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Posted Thursday, December 27, 2007 12:15 PM
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i have a job which is failing

my lead wants me to Remove the cursors from the job and modify it
any suggestion would be of great help please

--

DECLARE @Database VARCHAR(255)
DECLARE @Table VARCHAR(255)
DECLARE @cmd NVARCHAR(500)
DECLARE @fillfactor INT

SET @fillfactor = 90

DECLARE DatabaseCursor CURSOR FOR
SELECT database_name FROM WHERE status='y'
AND database_name NOT IN ('master','model','msdb','tempdb')
ORDER BY 1

OPEN DatabaseCursor

FETCH NEXT FROM DatabaseCursor INTO @Database
WHILE @@FETCH_STATUS = 0
BEGIN
SET @cmd = 'DECLARE TableCursor CURSOR FOR SELECT table_catalog + ''.'' + table_schema + ''.'' + table_name as tableName
FROM ' + @Database + '.INFORMATION_SCHEMA.TABLES WHERE table_type = ''BASE TABLE'''

-- create table cursor
EXEC (@cmd)
OPEN TableCursor

FETCH NEXT FROM TableCursor INTO @Table
WHILE @@FETCH_STATUS = 0
BEGIN




SET @cmd = 'ALTER INDEX ALL ON ' + @Table + ' REBUILD WITH (FILLFACTOR = ' + CONVERT(VARCHAR(3),@fillfactor) + ')'
EXEC (@cmd)

FETCH NEXT FROM TableCursor INTO @Table
END

CLOSE TableCursor
DEALLOCATE TableCursor

FETCH NEXT FROM DatabaseCursor INTO @Database
END
CLOSE DatabaseCursor
DEALLOCATE DatabaseCursor


thanks
Post #436805
Posted Thursday, December 27, 2007 12:34 PM


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My first inclination about this job is to abandon it... no, I didn't say rewrite it... I do mean "abandon it". This will change the Fill Factor on all tables and that's an absolute Bozo-no-no. There are (should be) a large number of static definition tables that never/rarely change that should have a fill factor of 100 just for performance reasons. Also, any table that has a Primary Key on an IDENTITY column should also have a Fill Factor of 100 on that Primary Key because there's no chance for interceding rows, so no interference on INSERTs/UPDATEs by the 100 fill factor but will increase the speed of SELECT's and decrease the storage requirements on the IDENTITY Primary Key... clustered or not.

The basis of the code is a really bad idea...


--Jeff Moden
"RBAR is pronounced "ree-bar" and is a "Modenism" for "Row-By-Agonizing-Row".

First step towards the paradigm shift of writing Set Based code:
Stop thinking about what you want to do to a row... think, instead, of what you want to do to a column."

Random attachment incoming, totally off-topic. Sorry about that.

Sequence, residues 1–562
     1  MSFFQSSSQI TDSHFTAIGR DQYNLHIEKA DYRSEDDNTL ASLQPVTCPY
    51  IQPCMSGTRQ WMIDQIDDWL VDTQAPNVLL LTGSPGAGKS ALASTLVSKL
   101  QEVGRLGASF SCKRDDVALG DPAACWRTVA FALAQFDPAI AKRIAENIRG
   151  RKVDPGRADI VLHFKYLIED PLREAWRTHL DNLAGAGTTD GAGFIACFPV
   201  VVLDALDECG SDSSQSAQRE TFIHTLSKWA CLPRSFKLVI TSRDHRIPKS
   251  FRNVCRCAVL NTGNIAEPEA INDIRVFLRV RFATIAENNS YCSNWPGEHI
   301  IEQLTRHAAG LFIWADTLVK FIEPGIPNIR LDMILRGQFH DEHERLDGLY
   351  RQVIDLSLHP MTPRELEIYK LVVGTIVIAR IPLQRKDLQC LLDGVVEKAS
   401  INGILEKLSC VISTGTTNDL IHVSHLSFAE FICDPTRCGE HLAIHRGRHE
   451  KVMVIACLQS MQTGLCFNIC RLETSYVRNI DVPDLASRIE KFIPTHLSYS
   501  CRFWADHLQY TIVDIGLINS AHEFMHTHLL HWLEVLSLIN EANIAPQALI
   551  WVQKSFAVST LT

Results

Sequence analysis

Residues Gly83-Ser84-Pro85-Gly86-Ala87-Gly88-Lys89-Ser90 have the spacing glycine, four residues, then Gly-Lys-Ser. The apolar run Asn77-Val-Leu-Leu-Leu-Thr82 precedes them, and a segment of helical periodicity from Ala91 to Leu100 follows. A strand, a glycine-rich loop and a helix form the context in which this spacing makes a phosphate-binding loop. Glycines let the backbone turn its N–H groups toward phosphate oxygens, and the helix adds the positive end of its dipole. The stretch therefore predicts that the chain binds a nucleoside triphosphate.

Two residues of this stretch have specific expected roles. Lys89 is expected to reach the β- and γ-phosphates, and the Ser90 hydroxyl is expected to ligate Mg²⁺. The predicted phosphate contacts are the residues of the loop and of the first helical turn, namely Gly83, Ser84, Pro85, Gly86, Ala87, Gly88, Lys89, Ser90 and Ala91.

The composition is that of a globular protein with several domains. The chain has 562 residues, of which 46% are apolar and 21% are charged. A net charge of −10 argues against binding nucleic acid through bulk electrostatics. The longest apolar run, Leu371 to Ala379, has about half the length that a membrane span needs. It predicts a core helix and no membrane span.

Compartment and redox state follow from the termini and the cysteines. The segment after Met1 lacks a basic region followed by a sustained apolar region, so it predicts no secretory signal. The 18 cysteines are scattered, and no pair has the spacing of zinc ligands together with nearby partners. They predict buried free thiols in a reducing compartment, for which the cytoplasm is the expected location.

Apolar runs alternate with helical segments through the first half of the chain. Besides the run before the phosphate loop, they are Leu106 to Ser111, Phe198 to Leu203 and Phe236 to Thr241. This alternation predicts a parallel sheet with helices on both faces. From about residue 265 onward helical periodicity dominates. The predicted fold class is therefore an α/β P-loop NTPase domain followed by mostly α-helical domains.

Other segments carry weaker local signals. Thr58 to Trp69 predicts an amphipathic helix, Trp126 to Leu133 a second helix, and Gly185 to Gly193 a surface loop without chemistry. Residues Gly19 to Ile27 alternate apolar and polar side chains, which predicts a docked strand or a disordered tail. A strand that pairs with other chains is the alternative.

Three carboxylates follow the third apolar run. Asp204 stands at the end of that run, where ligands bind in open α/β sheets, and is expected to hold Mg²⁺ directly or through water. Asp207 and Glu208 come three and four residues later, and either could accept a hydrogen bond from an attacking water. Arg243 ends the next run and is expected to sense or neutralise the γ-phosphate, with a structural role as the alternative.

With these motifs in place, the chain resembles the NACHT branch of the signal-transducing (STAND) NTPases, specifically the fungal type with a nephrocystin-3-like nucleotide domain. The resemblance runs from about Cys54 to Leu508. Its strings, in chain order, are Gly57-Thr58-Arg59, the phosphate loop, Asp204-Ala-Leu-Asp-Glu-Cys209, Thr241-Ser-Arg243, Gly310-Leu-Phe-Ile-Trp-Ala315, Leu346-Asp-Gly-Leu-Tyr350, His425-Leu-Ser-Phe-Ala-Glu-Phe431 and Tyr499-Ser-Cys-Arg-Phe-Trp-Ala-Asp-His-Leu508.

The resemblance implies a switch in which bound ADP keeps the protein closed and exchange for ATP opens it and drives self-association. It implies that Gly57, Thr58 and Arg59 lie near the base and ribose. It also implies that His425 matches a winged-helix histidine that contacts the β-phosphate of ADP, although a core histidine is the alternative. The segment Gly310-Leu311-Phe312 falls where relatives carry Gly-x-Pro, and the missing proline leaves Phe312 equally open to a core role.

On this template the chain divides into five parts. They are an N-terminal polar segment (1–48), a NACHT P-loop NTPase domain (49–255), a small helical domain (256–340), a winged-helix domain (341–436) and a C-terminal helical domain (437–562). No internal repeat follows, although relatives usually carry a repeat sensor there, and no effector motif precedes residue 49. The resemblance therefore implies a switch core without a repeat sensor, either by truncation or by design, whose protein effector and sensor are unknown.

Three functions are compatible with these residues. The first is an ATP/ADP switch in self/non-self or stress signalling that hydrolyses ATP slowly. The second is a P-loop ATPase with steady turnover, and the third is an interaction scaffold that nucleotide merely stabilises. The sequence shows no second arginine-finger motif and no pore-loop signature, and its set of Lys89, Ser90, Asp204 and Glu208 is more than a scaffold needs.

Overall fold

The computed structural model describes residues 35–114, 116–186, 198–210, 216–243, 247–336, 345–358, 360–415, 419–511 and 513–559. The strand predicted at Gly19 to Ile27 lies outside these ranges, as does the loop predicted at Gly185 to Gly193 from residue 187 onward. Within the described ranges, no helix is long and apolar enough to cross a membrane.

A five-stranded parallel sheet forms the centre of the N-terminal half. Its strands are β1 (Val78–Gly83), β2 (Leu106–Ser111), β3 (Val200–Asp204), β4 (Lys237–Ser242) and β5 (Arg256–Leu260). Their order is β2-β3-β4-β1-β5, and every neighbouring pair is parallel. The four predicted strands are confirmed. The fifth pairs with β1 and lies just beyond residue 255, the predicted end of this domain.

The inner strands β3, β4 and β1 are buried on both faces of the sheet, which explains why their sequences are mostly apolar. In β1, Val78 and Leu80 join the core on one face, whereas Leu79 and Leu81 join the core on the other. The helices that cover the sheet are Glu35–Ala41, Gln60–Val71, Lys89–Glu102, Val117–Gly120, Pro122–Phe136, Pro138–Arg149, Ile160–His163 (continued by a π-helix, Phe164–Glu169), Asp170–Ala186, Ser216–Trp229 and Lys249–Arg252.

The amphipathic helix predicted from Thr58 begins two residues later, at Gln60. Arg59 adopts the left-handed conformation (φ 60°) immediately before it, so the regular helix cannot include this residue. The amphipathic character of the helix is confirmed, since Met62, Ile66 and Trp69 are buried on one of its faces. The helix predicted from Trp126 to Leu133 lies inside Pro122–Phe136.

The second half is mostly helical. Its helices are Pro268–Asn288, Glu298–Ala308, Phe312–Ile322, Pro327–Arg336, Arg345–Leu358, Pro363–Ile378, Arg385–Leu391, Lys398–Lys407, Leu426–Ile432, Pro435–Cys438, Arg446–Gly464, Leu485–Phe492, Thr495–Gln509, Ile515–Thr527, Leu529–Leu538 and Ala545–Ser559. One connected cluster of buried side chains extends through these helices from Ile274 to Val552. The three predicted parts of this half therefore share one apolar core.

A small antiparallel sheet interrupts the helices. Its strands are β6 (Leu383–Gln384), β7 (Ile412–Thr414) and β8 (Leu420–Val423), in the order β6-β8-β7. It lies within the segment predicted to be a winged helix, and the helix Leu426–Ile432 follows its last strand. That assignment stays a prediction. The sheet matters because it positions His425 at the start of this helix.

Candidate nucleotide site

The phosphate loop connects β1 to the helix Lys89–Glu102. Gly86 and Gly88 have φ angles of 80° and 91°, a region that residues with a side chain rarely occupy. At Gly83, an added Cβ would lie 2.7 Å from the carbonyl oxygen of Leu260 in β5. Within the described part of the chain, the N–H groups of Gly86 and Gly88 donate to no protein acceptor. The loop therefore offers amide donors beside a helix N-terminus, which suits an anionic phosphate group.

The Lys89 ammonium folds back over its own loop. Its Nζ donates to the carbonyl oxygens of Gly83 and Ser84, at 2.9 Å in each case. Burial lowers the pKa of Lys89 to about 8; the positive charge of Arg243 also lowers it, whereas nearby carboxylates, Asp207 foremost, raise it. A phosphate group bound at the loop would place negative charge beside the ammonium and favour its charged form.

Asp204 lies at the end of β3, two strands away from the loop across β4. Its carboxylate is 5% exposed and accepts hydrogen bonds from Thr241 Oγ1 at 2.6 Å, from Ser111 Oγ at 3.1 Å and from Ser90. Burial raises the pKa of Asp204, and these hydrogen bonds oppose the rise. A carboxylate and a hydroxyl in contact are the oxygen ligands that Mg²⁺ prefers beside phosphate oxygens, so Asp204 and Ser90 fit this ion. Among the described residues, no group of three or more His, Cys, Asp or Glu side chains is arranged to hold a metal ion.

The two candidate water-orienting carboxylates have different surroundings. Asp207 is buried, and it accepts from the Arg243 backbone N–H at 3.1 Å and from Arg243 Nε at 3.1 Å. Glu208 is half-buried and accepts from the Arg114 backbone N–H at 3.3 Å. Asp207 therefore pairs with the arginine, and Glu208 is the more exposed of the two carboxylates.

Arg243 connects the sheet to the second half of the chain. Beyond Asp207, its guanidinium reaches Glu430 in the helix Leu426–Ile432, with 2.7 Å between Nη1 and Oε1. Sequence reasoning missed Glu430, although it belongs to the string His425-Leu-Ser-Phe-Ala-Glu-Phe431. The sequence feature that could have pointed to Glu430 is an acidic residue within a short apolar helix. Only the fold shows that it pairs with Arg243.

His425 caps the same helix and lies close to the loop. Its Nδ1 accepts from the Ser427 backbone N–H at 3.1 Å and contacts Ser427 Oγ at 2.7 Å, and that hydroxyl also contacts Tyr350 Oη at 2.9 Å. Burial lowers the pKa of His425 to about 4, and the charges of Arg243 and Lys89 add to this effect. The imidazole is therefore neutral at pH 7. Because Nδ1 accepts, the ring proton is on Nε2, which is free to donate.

(play on words) "Just because you CAN do something in T-SQL, doesn't mean you SHOULDN'T." --22 Aug 2013

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Post #436814
Posted Thursday, December 27, 2007 1:13 PM


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I can't think of a way to do this without loops of some sort, either cursors or a while loop. Since changing the existing nested cursors to nested while loops, would just be an exercise in writing code for the sake of writing code, with no real benefit, I can't suggest anything on this.

On the other hand, the reason this exact task isn't something that's easy to set up in a maintenance plan (for example), is because what this code does is pretty much a bad idea in the first place, as already pointed out in another comment.

What I would suggest is find out why this code is in use in the first place, and then maybe we can help with a solution to the underlying problem. It exists to solve something from someone's point of view - and that something probably has a better, standard solution.


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Post #436823
Posted Friday, December 28, 2007 2:56 AM
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sorry Jeff I have to disagree, even if the clustered index is on an indentity column then the clustered index is actually the entire table, regardless of the index being defined on an int or bigint, so if the next couple of columns are varchars and the values( length of these) change during editing you may well get page splits if you cannot perform an inplace update, in this case a fill factor may help avoid splits.